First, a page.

Air Pollution Kills Thousands of Americans Yearly – Here’s a Low-Cost Strategy to Help
By Jason West and Yang Ou
About one of every 25 deaths in the U.S. occurs prematurely because of exposure to air pollution. Dirty air kills roughly 110,000 Americans yearly, which is more than all transportation accidents and shootings combined.
When the U.S. Environmental Protection Agency (EPA) weighs decisions about air pollution regulations, it typically selects candidate actions from one or more sectors, such as electric power generation and industry. For each strategy considered, the agency carefully estimates the costs and benefits, then decides which actions to pursue.
We study air pollution and options for reducing it. In a newly published study, we flipped the traditional approach around by starting with the goal of finding emission control actions, among all sources, that could save a specified number of lives for the lowest cost. In doing so, we identified a set of low-cost actions to reduce air pollutant emissions from highly polluting industrial and residential sources, such as residential wood-burning furnaces, that can provide highly cost-effective health benefits.
The U.S. has made tremendous progress in reducing air pollution since 1990, and this has produced significant public health improvements. But air pollution still imposes a serious health burden on the U.S. population, and there are signs that past progress in improving air quality may now be leveling off. New ways of analyzing actions to control air pollution and its health impacts can help.
The number of bad air days in 35 major U.S. cities has plateaued since 2013. U.S. EPA
An Alternative Approach
Under the 1970 Clean Air Act, it is the EPA's job to set National Ambient Air Quality Standards. These regulations limit concentrations of six major air pollutants that harm public health and the environment. Then each state adopts actions that will meet these standards, such as reducing emissions from power plants or large industries.
The EPA also sets limits on emissions from some specific sources over which it has legal authority, including new power plants and motor vehicles. In doing so, the agency aims for air that is considered healthy for all Americans to breathe.
For each strategy considered, the EPA often runs a full cost-benefit analysis. This approach requires a complex atmospheric model to estimate how each proposed action will affect air pollutant concentrations, and the health impacts that will result. This limits the number of options that can be considered.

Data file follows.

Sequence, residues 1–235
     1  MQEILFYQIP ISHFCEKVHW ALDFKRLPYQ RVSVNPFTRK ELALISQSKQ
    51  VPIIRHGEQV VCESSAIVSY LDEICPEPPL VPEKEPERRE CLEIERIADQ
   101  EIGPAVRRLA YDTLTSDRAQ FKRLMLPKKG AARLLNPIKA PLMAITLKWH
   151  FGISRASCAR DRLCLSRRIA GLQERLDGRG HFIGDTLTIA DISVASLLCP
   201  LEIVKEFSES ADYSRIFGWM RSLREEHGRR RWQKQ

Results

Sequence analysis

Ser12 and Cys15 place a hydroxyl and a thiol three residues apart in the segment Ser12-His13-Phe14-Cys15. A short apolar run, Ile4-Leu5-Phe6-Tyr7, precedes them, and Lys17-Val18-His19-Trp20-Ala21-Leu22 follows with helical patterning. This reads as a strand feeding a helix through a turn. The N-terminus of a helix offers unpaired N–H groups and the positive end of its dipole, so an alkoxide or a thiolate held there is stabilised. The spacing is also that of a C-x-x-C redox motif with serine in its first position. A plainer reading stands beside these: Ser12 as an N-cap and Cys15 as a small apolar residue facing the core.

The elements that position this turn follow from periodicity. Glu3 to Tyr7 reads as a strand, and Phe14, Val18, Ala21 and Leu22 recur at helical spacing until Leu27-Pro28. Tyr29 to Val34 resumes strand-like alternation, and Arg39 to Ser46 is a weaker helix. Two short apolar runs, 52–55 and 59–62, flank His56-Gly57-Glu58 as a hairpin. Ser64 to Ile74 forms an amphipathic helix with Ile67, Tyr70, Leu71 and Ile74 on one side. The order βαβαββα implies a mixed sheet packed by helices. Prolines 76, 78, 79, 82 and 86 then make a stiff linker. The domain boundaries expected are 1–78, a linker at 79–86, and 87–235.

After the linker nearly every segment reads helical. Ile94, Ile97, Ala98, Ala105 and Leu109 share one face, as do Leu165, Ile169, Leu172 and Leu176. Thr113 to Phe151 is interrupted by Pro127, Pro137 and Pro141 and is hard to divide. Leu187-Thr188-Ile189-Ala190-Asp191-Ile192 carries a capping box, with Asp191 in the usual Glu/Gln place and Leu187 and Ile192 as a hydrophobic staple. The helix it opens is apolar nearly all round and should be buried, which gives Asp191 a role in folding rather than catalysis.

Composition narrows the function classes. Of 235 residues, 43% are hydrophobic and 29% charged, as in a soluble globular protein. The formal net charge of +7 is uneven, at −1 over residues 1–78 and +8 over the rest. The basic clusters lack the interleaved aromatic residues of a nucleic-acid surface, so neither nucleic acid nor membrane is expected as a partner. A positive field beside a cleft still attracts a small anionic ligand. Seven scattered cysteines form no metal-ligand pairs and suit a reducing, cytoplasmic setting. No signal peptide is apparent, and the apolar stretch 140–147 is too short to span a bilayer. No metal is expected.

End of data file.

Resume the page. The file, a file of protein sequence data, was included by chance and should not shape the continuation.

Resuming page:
Our study focused on fine particulate matter, known as PM2.5. We created a framework that simplified the complexity of the atmosphere and air pollution's health impacts. For each U.S. state we calculated impact factors, which represent deaths related to PM2.5 exposure per ton of emissions of different chemical components from different sources. Then we fed these impact factors into an economic model of the U.S. energy system, allowing the model to calculate deaths for any strategy.
Next we set a limit on total deaths caused by PM2.5, and let the model select the least expensive set of actions that would meet energy needs – an important factor because energy use is a major air pollution source – while keeping PM2.5-related deaths below our ceiling. Our model projected future scenarios to 2050, so we considered different ceilings at various points in time, and observed the actions the model selected.
This alternative approach has the advantage of considering a wide range of possible control strategies that affect many different sources. It prioritizes the actions that most cost-effectively reduce premature deaths. Further, by considering these actions in the context of the broader energy system, we can include actions like fuel switching and energy efficiency as alternatives, and quantify consequences of actions throughout the U.S. energy system.
High Particulate Emitters
Using this approach, we pinpointed a set of sources whose emissions contribute disproportionately to PM2.5 mortality impacts. They include factories and other industrial facilities powered by coal and oil, and wood-fired residential furnaces. Emissions from these sources are rising and may continue to increase in the future without additional controls.
Our model showed that reducing emissions from these sources – mainly by electrifying them – could cut projected national air pollution-related deaths in 2050 in half very cost-effectively. Overall national health benefits from these reductions would be roughly seven times the cost of the pollution controls. As many studies have found, air pollution controls tend to be very cost-effective because these emissions cause people to die prematurely through cardiovascular diseases, stroke, lung cancer and other long-term illnesses.
Our study shows that this approach would reduce PM2.5-related emissions in each state. Progress would be greatest in northern and eastern states, including Ohio and Pennsylvania. These regions have many large industrial sources and are densely populated, which means that many people benefit from cleaner air.
Ohio has the largest potential for cost-effectively reducing PM2.5 deaths through cutting industrial coal emissions. California would benefit most from controls on residential wood burning, and Texas would see the greatest reductions in emissions from large petrochemical industries.
We also found that these actions had little influence on overall energy usage in the U.S., and therefore little effect on greenhouse gas emissions. This was interesting because previous research has found that most initiatives to reduce greenhouse gases – which typically involve switching to less-polluting fuels, such as going from coal to natural gas to renewables – also reduce air pollutant emissions, with significant benefits for public health. But the opposite is not true: Low-cost air pollution controls do not appear to have a big influence on U.S. greenhouse gas emissions.